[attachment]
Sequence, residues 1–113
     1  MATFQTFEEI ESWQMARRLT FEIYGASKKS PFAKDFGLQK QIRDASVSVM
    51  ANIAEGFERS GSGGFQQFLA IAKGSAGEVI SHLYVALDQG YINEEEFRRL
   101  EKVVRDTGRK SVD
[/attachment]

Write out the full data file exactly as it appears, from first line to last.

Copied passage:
Sequence, residues 1–113
     1  MATFQTFEEI ESWQMARRLT FEIYGASKKS PFAKDFGLQK QIRDASVSVM
    51  ANIAEGFERS GSGGFQQFLA IAKGSAGEVI SHLYVALDQG YINEEEFRRL
   101  EKVVRDTGRK SVD